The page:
Though the pandemic is a thing of the past for many people, its impact is still being felt in many areas of our lives. In the workplace, the pandemic seems to have created a permanent shift towards remote working. A large number of companies, Grio included, have kept remote and flexible work hours, citing numerous benefits for both employees and employers.
However, remote work provides its own set of challenges, and it is important that employers take proactive steps to continue supporting their employees. In this blog post, I’ll examine how workplace practices for diversity, equity, inclusion, and accessibility (DEIA) must evolve to remain at the forefront of remote workplaces, and the steps employers can take to successfully implement a virtual DEIA plan.
What is DEI(A)?
DEIA, sometimes referred to as DEI, is a set of practices that are implemented to increase diversity, equity, inclusion, and accessibility. In the workforce, DEIA’s purpose is to ensure that those from different backgrounds are represented and able to thrive.Read more: DEI(A) in Remote Workspaces
While the principles of DEIA are frequently used simultaneously, they are actually four distinct ideas that work concurrently:
- Diversity: Diversity refers to a wide range of groups within a community. For example, diversity may be considered in terms of ethnicity, religion, or sexual orientation.
- Equity: Equity is the fair and just treatment of groups of people, regardless of how they identify or where they fall within any of the diversity categories mentioned above.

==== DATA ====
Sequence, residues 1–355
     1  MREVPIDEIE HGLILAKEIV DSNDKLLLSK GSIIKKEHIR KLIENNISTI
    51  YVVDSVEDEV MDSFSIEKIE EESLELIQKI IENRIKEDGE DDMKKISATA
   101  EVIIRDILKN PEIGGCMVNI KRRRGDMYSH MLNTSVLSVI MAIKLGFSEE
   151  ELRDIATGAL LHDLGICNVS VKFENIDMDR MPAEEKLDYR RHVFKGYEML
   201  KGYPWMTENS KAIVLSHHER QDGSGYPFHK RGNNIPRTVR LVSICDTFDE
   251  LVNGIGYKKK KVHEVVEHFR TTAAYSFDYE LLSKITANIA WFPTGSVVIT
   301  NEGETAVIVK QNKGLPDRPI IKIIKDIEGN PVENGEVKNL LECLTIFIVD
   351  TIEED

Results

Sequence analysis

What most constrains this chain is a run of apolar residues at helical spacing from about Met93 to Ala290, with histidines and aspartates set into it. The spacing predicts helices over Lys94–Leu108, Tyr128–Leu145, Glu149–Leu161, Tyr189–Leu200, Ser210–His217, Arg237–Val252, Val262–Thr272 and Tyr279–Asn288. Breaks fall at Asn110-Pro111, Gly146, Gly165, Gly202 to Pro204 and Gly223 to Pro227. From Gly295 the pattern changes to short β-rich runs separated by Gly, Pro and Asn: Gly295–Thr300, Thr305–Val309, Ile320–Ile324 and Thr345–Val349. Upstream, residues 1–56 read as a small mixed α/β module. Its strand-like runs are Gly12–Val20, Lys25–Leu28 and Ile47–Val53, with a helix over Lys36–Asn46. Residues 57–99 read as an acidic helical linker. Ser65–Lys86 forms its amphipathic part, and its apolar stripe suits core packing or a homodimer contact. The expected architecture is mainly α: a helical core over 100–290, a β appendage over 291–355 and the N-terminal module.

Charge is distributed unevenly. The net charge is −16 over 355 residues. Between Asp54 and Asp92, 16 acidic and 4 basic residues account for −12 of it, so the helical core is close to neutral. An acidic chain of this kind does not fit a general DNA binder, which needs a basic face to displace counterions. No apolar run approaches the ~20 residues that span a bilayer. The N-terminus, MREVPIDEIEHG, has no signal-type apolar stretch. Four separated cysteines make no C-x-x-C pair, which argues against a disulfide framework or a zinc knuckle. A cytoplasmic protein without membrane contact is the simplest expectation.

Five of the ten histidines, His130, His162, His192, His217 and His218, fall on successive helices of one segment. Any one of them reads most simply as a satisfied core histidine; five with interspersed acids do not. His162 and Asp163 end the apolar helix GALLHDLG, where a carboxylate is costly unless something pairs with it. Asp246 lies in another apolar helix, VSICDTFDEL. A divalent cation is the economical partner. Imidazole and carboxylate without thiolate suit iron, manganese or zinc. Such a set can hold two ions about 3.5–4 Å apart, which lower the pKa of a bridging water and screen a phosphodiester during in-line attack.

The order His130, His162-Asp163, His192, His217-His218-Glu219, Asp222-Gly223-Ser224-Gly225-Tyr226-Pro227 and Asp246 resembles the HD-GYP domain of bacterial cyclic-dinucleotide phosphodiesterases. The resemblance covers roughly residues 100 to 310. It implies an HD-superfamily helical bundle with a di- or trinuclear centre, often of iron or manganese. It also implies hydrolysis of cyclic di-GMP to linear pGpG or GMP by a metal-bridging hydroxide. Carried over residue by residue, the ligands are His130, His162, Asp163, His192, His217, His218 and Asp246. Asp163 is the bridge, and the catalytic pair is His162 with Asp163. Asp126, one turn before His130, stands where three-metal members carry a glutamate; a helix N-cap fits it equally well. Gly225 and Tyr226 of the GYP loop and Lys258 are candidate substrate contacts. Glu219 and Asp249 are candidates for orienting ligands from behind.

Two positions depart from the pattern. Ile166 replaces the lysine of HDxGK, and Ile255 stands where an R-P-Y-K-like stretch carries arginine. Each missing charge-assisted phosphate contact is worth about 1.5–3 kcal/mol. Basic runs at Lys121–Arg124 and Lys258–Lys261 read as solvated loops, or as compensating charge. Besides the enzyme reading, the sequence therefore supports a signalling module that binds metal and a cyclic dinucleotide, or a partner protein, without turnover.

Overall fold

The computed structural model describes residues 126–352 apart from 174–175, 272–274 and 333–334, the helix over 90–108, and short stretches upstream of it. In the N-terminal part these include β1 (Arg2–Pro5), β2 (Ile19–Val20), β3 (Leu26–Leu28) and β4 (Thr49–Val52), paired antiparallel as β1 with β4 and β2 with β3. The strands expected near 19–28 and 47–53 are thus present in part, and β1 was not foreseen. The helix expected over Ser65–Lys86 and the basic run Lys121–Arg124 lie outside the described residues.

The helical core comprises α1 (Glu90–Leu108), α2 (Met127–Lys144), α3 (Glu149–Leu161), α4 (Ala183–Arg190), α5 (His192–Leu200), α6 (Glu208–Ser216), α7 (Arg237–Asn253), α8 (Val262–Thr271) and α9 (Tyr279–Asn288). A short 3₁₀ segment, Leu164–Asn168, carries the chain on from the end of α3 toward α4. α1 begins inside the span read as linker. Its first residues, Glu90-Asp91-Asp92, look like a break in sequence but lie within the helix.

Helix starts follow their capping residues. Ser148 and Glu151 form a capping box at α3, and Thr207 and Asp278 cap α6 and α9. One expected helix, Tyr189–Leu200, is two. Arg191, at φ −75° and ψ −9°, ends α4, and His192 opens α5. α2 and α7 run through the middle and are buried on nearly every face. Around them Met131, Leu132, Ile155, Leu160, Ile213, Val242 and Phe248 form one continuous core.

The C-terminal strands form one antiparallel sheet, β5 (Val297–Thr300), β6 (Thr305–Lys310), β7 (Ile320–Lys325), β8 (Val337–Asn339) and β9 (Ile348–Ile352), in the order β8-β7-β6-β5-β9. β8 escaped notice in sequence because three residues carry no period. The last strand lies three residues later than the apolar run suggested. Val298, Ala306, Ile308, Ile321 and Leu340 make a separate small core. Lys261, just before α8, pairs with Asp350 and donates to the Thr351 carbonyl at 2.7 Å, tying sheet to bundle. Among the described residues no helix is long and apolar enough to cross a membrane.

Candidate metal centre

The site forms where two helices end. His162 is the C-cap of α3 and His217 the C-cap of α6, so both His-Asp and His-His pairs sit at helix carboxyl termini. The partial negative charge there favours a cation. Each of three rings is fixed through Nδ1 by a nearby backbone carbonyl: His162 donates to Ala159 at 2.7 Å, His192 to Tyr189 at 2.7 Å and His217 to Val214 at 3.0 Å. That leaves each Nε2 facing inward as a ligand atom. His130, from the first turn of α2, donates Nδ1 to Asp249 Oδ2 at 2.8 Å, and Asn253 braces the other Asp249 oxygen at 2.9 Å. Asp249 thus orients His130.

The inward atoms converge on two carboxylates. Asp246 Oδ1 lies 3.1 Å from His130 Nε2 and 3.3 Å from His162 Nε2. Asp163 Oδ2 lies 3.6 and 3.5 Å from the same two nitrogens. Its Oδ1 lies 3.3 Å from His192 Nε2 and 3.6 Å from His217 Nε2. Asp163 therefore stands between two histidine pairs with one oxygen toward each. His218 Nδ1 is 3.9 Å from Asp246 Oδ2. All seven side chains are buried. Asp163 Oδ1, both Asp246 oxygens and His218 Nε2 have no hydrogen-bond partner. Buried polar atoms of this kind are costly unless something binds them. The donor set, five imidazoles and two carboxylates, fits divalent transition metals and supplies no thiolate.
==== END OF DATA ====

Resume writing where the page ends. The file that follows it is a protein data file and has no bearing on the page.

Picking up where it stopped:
- Inclusion: Inclusion is the active engagement of all of the members of a community. It is about making all people feel welcome and included.
- Accessibility: Accessibility is the quality of being able to be used by everyone. Ideally, accessibility in the workplace isn’t just focused on physical accessibility, but also digital and cognitive accessibility as well.
Why is DEIA Important?
When DEIA is implemented in the workplace, it promotes numerous benefits, both for the employees and the employer.
Diversity Draws Top Talent
Diversity is important to both job seekers and employers. A recent study found that 70% of job seekers consider diversity as a factor when evaluating an employer. That number was found to be even higher among Gen Z job seekers. As a result, employers who focus on diversity are able to attract top talent from various backgrounds.